# How to Validate Formative Model in SMART-PLS

## How to Validate Formative Model in SMART-PLS

**Before Discussing How to Validate Formative Model, To Review What is Formative Construct and How does it differ from Reflective Construct, Click Here**

**Assessment of formative measurement model for collinearity issues **

Since the indicators are not essentially inter-changeable, high correlations are not expected between indicators in formative measurement models. In fact, high correlations between two formative indicators are known as collinearity (Hair et al. 2014).

High levels of collinearity between formative indicators are problematic because they have an impact on the estimation of weights and their statistical significance.

In order to assess the level of collinearity in PLS-SEM, Variance Inflation Factor (VIF) is looked at. There are two widely accepted rules of thumbs:

**If VIF 5 or higher**, it indicates a potential issue with collinearity problem (Hair, Ringle & Sarstedt, 2011).**If VIF 3.3 or higher**, it indicates a potential issue with collinearity problem (Diamantopoulos & Siguaw, 2006).

Source: Primer on Partial Least Squares Structural Equation Modeling (PLS-SEM) Book (Hair et al., 2017)

## How to Validate Formative Model in SMART-PLS

The researchers must assess the significance and relevance of the formative indicators. For a formative (i.e. composite) construct, outer weight is an important criterion for evaluating the contribution of a formative indicator.

Hair et al. (2017) mention that outer weight is the result of a multiple regression with the latent variable scores as the dependent variable and the formative indicators as the independent variables.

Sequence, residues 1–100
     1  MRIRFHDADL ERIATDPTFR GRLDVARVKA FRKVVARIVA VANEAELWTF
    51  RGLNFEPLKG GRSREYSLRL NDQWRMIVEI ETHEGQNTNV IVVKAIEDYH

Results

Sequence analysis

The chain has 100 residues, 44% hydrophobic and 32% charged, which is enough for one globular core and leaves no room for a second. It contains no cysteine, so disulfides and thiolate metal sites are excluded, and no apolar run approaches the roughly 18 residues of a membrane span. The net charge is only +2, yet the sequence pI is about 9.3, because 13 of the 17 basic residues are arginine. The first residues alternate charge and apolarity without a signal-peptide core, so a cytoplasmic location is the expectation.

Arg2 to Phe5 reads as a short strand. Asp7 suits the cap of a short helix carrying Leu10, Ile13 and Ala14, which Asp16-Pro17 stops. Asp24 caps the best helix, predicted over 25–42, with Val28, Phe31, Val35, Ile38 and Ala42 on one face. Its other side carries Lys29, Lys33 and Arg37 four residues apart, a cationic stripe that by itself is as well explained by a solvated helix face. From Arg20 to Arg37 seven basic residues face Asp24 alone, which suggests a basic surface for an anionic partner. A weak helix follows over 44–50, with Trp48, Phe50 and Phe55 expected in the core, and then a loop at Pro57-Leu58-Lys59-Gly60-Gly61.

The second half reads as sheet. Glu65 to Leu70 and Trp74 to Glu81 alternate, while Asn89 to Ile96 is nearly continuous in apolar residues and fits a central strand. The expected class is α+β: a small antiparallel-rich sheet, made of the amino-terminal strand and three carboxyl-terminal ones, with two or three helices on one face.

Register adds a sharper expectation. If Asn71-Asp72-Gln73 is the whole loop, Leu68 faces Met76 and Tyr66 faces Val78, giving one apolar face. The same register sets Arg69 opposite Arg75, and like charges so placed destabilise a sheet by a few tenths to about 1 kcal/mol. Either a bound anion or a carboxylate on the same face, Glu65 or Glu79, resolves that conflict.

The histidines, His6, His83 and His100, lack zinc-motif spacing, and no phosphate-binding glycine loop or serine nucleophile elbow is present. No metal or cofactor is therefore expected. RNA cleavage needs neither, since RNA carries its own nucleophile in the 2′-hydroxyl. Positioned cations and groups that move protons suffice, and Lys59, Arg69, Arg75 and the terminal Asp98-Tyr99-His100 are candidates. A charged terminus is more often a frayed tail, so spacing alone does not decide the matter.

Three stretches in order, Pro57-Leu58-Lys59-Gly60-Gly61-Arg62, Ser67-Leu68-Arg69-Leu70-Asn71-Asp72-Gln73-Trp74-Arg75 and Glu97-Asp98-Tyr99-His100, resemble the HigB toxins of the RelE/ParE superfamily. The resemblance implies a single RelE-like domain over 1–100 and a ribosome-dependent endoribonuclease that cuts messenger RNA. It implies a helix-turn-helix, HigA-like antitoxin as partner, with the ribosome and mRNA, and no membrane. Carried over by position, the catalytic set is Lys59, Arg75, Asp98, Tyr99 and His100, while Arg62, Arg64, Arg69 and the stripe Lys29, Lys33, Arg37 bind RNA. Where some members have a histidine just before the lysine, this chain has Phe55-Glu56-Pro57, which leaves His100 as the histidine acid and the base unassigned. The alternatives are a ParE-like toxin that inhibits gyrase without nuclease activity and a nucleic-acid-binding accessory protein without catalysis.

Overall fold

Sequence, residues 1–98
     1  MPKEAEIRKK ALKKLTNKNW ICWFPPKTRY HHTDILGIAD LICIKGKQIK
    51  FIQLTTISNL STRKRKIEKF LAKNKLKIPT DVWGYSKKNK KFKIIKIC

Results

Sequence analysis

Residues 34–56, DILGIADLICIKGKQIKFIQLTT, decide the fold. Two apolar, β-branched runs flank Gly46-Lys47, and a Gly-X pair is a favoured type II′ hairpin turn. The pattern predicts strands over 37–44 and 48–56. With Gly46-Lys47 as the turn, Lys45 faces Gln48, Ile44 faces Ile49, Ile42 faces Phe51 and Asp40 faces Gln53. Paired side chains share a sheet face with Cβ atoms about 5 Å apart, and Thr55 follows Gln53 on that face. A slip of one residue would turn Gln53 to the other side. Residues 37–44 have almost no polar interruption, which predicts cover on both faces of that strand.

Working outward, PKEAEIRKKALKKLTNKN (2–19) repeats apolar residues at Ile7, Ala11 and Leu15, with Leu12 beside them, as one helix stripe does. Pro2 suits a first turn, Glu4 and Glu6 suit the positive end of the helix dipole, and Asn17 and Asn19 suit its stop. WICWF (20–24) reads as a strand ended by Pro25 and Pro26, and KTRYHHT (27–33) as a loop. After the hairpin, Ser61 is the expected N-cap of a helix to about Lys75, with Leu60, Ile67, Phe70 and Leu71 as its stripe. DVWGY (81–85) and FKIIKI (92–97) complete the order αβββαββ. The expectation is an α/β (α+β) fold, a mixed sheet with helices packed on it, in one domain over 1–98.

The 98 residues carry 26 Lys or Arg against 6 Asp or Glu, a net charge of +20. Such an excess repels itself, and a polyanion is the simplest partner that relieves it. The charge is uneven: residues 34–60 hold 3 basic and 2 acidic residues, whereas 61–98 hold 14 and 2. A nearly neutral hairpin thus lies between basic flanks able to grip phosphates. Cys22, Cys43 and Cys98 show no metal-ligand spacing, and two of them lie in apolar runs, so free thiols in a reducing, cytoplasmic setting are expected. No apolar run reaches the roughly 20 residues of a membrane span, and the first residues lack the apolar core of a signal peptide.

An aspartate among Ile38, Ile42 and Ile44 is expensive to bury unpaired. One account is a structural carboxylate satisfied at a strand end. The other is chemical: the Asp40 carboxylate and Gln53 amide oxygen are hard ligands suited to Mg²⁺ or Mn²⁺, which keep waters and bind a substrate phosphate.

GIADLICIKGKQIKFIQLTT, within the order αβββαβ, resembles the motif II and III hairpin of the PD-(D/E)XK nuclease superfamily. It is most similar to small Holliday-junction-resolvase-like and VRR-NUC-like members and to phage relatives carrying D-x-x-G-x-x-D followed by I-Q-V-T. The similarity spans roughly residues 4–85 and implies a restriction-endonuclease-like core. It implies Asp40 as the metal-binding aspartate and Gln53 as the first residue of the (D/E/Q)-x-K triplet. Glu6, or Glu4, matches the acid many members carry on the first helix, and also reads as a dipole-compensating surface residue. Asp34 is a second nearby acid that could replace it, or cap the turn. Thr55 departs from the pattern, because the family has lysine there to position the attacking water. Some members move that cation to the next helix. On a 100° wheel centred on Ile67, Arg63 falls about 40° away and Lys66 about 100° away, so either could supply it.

The values of the outer weights can be obtained using bootstrapping technique (t-values are assessed for each indicator weight pointing towards the formative construct) and can therefore be used to determine each indicator’s *relative contribution *to the construct, or its relative importance to forming the construct.

When an indicator’s outer weight is non-significant but its outer loading is high (i.e. above 0.50), the indicator should be interpreted as absolutely important but not as relatively important. In this situation, the indicator would generally be retained.

However, when an indicator has a non-significant weight and the outer loading is below 0.50, the researchers should decide whether to retain or delete the indicator by examining its theoretical relevance and potential content overlap with other indicators of the same construct.

**Reference**

Ramayah, T., Cheah, J., Chuah, F., Ting, H., & Memon, M. A. (2018). Partial least squares structural equation modeling (PLS-SEM) using smartPLS 3.0. In *An Updated Guide and Practical Guide to Statistical Analysis*. Pearson.

##### Other SmartPLS Tutorials

- How to Start Data Analysis using SMART-PLS
- Understanding Convergent and Discriminant Validity using SMART-PLS
- Reporting Measurement and Structural Model in SMART-PLS
- Understanding R Square, F Square, and Q Square using SMART-PLS
- Moderation Analysis, Interpretation, and Reporting using SMART-PLS
- Moderation Analysis with Categorical Variables using SMART-PLS
- Mediation Analysis, Interpretation, and Reporting using SMART-PLS
- Categorical Predictor Variable using SMART-PLS
- Concept of Higher-Order Constructs in PLS-SEM
- Reflective Vs Formative Indicators: The Concept and Differences
- Reflective-Formative Higher-Order Construct using SMART-PLS
- Reflective-Reflective Higher-Order Construct using SMART-PLS
- How to Structure, Format, and Report SMART PLS-SEM Results
- How to Solve Convergent and Discriminant Validity Issues
- Complex Higher-Order Model using SmartPLS
- Analyzing Formative-Formative Higher-Order Construct in SmartPLS